Video film era

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The Video film era, also known as the home video era, is a period in Nigerian cinema, typically from the late 1980s/early 1990s to mid 2010s, when Nigerian films were made using affordable video format.[1] The video boom era emerged after the downturn of the Golden era of the Nigerian cinema in the late 1980s.[1] The term "Home video" stems from the concept of staying at home to watch the films, in contrast to films of the Golden Age which were watched at the movie theatres.[2]

The beginnings of the video film market in Nigeria is traced back to the 1980s when television productions thrived. Many of the television productions often found their ways into VHS, leading to the development of a small scale informal video trade.[3] This method was adopted and built on by producers and distributors at Alaba market to reinvent the film industry which was at the time facing a major decline.[3] The first film produced on video in Nigeria is 1988's Soso Meji, produced by Ade Ajiboye. Subsequently, Alade Aromire produced Ekun (1989) on video.[4] However, the boom experienced in this era is generally believed to have been kick started by Kenneth Nnebue's Living in Bondage (1992), although some historians claim otherwise.[4][5]

This era marked an all-time peak in the number of Nigerian film productions. As at 2004, at least four to five films were produced every day in Nigeria, and the movies already dominated television screens across the African continent and by extension, the Caribbeans and the diaspora,[4][6] with the movies significantly influencing cultures in many African nations,[7] and the film actors becoming household names across the continent.[4] The boom also led to backlash against Nigerian films in several countries, who supposedly wanted to prevent "recolonization" by Nigeria (or "Nigerialization of Africa"). There have been reported cases of raids on shops selling Nigerian films,[7][8] and Governments who have introduced protectionist measures, such as introducing spurious taxes for production houses and/or actors who want to shoot films in their countries,[6][9] as well as outright banning of Nigerian films.[6]

In this era, Nigeria's film industry grew to become a big employer of labour in Nigeria, providing over a million jobs and contributing about 5% of the GDP.[5] At the peak of the era at around 2008, the industry had become the second largest producer of films,[10] releasing approximately 200 video films monthly.[11][6] However at this point, the Nigerian film industry had degenerated into a very unprofessional industry, with the invasion of practitioners who had no training in filmmaking. Copyright infringement was also at its peak, with production houses running at a loss and closing down their outfits.[4][4][5][11][12][13] This development led to the need to revamp the film industry, with the birth of New Nigerian cinema.[14]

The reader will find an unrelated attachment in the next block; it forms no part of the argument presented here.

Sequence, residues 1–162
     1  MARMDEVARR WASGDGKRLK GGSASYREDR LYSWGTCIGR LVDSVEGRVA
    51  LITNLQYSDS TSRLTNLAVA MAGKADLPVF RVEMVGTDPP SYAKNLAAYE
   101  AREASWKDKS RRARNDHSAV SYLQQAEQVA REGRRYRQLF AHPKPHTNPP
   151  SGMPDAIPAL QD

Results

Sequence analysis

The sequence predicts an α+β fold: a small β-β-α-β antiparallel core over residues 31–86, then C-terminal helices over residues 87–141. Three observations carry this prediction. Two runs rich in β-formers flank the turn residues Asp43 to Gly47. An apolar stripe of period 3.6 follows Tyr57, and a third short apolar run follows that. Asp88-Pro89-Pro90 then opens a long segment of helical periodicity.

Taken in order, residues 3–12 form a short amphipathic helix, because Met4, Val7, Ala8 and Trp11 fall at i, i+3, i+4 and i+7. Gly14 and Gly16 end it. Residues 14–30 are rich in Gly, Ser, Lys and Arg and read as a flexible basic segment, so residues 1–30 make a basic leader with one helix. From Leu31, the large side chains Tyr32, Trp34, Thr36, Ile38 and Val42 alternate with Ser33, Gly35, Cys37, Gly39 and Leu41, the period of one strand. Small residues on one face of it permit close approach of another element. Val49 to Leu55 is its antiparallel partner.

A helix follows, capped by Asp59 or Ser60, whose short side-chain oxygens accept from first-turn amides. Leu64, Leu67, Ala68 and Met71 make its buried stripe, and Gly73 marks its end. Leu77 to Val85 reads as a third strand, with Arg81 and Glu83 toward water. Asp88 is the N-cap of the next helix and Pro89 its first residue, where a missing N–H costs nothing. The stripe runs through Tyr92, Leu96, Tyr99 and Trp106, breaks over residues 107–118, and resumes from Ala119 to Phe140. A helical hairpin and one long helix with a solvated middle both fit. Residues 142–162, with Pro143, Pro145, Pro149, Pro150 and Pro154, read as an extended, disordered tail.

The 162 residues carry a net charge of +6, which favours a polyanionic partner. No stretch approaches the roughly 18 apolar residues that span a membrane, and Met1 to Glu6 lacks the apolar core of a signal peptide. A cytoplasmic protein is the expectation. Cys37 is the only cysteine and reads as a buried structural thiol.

History[edit]

Emergence in 1990s[edit]

The emergence of the video film market in Nigeria is traced back to the 1980s when television productions thrived. Jimi Odumosu's Evil Encounter, a 1980 horror film released directly on television, was the first production to be a pointer to how lucrative making film directly on video can be. The film was extensively promoted before being aired on the television, and as a result, had streets flooded the following morning with video copies of the recorded broadcast. It was reported that the film became an instant hit at Alaba market , a commercial district which later became the hub of video distribution in this period and also eventually became a hub of copyright violation in Nigeria. Since Evil Encounter, it became common, especially in Southern Nigerian cities to see video copies of recorded television programmes traded on the streets.[3]

This method was adopted and built on by producers and distributors at Alaba Market to reinvent the film industry, since the Nigerian cinema culture was facing a major decline.[3] The first film produced on video in Nigeria was 1988's Soso Meji, produced by Ade Ajiboye. The film was also screened at the few available theatres at the time. Subsequently, Alade Aromire produced Ekun (1989) on video, which was screened at the National Theatre, Iganmu.[4][5] However, the boom experienced in this era is generally believed to have been kick started by Kenneth Nnebue's Living in Bondage (1992).[4][5] Nnebue had an excess number of imported video cassettes which he then used to shoot his first film on a Video camera.[15] Although Living in Bondage is often touted in the media as the "first commercial videofilm", many historians have argued that the video film industry was already booming before Living in Bondage, therefore can't be the first commercial film.[2] Furthermore, Nnabue, himself, had been producing Yoruba-language video films before Living in Bondage,[2] with his first film being Aje Ni Iya Mi (1989), which was also very profitable.[11]